One of the last remaining Honeycreeper species left in the state of Hawai’i. ‘I’iwi (Vestiaria coccinea)
The adult ʻiʻiwi is mostly scarlet, with black wings and tail and a long, curved, salmon-colored bill used primarily for drinking nectar. The contrast of the red and black plumage with surrounding green foliage makes the ʻiʻiwi one of Hawaiʻi's most easily seen native birds. Younger birds have golden plumage with more spots and ivory bills and were mistaken for a different species by early naturalists. Observations of young birds moulting into adult plumage resolved this confusion.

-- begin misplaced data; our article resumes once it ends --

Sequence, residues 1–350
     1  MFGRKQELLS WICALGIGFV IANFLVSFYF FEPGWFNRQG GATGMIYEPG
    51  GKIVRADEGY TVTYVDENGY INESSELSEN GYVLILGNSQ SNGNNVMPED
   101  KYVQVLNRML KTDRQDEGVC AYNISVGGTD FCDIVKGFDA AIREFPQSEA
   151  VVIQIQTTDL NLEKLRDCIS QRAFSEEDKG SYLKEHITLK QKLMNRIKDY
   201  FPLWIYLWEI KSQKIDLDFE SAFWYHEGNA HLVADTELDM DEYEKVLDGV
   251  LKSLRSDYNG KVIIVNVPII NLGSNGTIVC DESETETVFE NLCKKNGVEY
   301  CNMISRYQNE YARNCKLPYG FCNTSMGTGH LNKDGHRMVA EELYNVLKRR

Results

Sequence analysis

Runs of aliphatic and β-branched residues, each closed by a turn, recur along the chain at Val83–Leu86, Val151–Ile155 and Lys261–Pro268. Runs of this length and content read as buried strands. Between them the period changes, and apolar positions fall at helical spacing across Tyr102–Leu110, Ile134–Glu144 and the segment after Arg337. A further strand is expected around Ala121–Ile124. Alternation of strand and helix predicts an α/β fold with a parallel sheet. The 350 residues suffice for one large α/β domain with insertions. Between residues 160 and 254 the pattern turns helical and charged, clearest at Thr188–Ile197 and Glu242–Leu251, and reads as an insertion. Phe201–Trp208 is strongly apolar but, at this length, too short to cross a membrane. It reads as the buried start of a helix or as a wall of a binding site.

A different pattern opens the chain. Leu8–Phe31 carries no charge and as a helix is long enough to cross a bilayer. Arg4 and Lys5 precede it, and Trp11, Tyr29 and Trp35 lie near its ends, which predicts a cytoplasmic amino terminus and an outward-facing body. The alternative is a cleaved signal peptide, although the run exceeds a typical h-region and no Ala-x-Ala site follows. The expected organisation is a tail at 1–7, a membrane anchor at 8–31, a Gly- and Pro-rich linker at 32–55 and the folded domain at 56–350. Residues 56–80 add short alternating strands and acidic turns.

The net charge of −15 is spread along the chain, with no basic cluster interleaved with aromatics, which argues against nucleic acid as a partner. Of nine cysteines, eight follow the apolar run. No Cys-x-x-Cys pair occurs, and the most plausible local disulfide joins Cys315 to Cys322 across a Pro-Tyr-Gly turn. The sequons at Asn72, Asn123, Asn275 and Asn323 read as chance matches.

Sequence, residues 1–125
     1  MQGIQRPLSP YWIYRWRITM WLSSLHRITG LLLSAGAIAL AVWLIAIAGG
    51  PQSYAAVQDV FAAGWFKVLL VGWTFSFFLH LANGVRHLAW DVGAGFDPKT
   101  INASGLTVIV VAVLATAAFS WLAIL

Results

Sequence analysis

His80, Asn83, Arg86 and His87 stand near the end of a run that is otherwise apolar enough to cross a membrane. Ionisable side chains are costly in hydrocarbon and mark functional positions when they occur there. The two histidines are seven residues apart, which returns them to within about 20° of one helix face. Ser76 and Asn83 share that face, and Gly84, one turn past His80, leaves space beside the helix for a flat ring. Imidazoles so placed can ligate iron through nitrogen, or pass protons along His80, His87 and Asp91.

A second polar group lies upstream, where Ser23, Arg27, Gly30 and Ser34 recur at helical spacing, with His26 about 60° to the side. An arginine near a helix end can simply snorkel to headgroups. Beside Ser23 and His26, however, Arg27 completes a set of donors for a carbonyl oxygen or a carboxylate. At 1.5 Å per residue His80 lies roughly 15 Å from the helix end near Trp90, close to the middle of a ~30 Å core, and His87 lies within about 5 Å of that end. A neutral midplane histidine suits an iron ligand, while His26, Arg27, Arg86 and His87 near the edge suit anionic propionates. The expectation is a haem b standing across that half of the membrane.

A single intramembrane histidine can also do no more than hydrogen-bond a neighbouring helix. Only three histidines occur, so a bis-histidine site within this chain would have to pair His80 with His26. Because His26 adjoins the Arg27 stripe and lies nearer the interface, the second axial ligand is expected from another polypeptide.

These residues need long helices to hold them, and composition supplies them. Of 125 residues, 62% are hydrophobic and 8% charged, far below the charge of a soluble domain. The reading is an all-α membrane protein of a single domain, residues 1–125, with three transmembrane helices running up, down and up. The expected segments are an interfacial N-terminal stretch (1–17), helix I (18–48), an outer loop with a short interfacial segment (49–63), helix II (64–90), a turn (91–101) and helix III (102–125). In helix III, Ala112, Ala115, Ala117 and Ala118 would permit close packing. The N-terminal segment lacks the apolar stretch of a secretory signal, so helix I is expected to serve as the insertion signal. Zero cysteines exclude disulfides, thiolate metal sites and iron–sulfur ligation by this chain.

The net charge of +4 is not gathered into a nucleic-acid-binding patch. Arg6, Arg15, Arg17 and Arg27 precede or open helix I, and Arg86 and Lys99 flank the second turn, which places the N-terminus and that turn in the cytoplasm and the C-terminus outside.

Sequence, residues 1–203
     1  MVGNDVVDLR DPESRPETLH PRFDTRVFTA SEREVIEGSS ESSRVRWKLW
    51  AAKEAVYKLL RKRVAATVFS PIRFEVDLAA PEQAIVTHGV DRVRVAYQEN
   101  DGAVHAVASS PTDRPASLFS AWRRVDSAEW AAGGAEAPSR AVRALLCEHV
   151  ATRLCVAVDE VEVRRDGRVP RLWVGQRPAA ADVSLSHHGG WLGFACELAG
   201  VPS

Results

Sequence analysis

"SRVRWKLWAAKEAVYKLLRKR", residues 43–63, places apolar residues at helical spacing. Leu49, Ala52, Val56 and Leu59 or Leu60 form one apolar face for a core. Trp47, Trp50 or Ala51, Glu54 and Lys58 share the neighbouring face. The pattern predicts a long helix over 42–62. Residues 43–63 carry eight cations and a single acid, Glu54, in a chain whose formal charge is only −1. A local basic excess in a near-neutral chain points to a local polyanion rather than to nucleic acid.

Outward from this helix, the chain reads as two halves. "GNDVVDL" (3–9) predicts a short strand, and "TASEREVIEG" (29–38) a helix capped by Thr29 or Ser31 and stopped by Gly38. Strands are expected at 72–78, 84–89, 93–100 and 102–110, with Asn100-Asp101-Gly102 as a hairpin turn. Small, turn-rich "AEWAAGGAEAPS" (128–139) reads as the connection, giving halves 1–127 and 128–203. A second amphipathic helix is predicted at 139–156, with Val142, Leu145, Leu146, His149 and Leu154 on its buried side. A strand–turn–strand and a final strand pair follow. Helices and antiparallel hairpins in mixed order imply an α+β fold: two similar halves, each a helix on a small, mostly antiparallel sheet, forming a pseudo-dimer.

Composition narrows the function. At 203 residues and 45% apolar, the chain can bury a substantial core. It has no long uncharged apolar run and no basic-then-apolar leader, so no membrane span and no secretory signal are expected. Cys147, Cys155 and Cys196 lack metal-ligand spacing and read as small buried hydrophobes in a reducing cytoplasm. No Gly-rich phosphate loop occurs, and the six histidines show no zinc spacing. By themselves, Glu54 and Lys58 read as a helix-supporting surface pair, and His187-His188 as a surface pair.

Along with the Hawaiʻi Mamo, ʻiʻiwi were used in the feather trade. The ʻiʻiwi's feathers were highly prized by Hawaiian aliʻi (nobility) for use in decorating ʻahuʻula (feather cloaks) and mahiole (feathered helmets), and such uses gave the species its original scientific name: Vestiaria, which comes from the Latin for "clothing", and coccinea meaning "scarlet-colored". (In 2015 the IOC World Bird List moved the ʻiʻiwi from genus Vestiaria to Drepanis because of the close relationship between the ʻiʻiwi and the two species of mamo; Drepanis comes from the Greek for sickle, a reference to the shape of the beak.)
The bird is often mentioned in Hawaiian folklore. The Hawaiian song "Sweet Lei Mamo" includes the line "The ʻiʻiwi bird, too, is a friend".